Here’s How DeSantis And His Board Could Change Disney World


Florida lawmakers introduced a new amendment Tuesday to dissolve a controversial development agreement between Walt Disney World and the special district that oversees it, part of broader measures Gov. Ron DeSantis (R) suggested the state and the board he handpicked to run the special district may take against Disney, which could lead to broad changes in how the theme parks are regulated—and possibly impact guests’ theme park trips.

Key Facts

DeSantis and the Florida government are retaliating against Walt Disney World after the resort enacted a development agreement with the special district that oversees it—which essentially stripped the district of many of its powers—right before that special district’s board was replaced with DeSantis appointees.

The state legislature introduced legislation Tuesday that would overturn that development agreement, which means the special district and DeSantis’ appointees will be able to exert greater control over allowing construction on Disney’s land, as the current agreement gives Disney broad development powers and the company the exclusive right to approve the exteriors of any building within the special district.

The government intends to change rules so Walt Disney World’s monorail and theme park rides will be subject to state inspections, DeSantis and Agriculture Commissioner Wilton Simpson said at a press conference Monday, as large theme parks in Florida now have their own inspection processes in place instead.

Simpson noted that means the state will “decide whether a ride can safely reopen” if someone is injured, giving the state more power over the operation of Disney’s rides.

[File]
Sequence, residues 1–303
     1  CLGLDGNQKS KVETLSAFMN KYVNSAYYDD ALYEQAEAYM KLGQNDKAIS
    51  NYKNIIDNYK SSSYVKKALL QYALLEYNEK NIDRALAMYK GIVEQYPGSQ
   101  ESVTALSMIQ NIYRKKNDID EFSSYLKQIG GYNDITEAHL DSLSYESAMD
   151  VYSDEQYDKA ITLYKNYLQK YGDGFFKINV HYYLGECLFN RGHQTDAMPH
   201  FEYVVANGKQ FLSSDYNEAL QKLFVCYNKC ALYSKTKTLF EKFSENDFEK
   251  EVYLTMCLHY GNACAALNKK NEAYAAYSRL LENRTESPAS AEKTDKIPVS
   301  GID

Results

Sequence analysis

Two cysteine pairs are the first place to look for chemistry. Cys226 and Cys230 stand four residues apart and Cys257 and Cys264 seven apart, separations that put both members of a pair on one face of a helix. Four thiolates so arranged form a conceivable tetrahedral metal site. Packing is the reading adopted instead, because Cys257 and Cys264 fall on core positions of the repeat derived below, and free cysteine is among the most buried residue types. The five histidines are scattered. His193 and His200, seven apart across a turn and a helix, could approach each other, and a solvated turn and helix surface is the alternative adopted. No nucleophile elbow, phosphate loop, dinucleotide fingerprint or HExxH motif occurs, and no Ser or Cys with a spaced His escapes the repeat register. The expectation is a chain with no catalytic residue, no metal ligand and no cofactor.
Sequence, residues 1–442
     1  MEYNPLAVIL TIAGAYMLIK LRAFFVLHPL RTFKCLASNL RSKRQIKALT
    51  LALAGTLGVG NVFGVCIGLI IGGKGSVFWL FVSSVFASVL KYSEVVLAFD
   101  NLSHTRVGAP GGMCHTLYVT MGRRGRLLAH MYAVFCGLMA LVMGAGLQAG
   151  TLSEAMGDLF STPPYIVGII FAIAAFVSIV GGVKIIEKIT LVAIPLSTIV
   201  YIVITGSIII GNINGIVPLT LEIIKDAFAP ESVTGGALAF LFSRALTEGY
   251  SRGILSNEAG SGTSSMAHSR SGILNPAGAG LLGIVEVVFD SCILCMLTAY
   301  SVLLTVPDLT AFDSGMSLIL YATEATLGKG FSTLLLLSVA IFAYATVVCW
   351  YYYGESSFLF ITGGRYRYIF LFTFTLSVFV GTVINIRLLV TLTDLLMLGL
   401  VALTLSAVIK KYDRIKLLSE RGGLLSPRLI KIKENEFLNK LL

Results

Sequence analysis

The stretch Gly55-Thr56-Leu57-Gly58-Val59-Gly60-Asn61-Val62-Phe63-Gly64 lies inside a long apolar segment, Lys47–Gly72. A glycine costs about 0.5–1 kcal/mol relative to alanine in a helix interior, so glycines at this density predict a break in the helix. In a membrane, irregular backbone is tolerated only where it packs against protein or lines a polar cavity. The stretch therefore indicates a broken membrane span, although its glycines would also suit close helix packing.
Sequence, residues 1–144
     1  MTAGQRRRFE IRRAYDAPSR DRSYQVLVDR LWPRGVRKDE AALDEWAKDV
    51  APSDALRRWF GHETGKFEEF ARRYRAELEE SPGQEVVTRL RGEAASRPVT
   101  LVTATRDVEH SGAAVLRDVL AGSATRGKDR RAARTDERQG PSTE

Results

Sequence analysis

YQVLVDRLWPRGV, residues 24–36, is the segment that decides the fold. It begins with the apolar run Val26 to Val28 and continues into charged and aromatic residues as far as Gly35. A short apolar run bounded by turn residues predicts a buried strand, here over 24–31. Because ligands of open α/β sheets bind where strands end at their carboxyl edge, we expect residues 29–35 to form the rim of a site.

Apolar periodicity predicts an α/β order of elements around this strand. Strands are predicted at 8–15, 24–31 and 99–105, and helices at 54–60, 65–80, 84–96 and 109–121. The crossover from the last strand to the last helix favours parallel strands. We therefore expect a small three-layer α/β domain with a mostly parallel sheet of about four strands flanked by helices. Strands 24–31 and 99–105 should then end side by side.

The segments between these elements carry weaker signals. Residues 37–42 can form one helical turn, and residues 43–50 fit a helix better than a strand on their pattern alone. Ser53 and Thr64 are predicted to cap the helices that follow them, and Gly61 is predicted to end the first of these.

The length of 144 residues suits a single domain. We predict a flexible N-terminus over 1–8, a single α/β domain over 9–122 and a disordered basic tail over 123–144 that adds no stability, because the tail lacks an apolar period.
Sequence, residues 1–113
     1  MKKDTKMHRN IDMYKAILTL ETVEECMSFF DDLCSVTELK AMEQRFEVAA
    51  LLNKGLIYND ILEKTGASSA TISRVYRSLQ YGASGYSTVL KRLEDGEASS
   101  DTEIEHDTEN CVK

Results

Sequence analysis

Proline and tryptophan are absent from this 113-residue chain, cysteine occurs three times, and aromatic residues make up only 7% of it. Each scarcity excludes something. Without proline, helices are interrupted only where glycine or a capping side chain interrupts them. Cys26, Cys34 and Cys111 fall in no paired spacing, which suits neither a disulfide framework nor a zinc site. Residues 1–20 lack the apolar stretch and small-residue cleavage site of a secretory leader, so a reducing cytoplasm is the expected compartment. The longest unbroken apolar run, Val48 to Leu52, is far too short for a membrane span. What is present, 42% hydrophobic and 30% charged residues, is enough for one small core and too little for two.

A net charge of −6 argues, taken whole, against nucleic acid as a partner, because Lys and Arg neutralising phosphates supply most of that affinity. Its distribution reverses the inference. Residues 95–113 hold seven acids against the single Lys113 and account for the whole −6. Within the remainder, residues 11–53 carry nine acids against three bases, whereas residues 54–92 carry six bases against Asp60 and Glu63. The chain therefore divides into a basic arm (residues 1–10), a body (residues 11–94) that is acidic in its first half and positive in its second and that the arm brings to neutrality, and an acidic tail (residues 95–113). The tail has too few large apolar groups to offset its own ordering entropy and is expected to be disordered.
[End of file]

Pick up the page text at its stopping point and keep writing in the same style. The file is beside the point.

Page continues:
The board now overseeing Disney’s special district could also take a slew of measures without the government’s help, with DeSantis floating measures including permanently prohibiting mask mandates on the special district’s land, reappraising the theme parks so they pay higher taxes, contracting with private utility companies versus providing services through the district, increasing pay for first responders at the district and “really leaning in hard against human trafficking.”

DeSantis also suggested the board could move to develop land within the district that Disney doesn’t own, throwing out ideas of what could possibly be developed there including a state park, another amusement park, or a state prison.

The state is looking into measures like imposing tolls on roads on Disney property and looking at taxes for the resort’s hotels, DeSantis previously suggested before Monday’s press conference, but he did not mention anything around those measures on Monday.

What To Watch For

The legislation dissolving the development agreement, which is a proposed amendment of existing Florida law on special districts, would take effect July 1 if enacted. The board of DeSantis appointees will next meet on Wednesday, though it’s still unclear what measures they could take at that meeting.

Chief Critic

Disney has not responded to DeSantis’ Monday press conference, but the company has previously defended its development agreement, saying on March 29, “All agreements signed between Disney and the District were appropriate, and were discussed and approved in open, noticed public forums in compliance with Florida’s Government in the Sunshine law.” Disney CEO Bob Iger also criticized DeSantis’ attacks on the company at a shareholder meeting April 3, saying the government’s efforts “sounds not just anti-business but it sounds anti-Florida.” Iger also noted the company is already the largest taxpayer in the state—paying $1.146 billion in state and local taxes in 2022—and directly employs 75,000 people in Central Florida, with plans to create an additional 13,000 jobs over the next 10 years.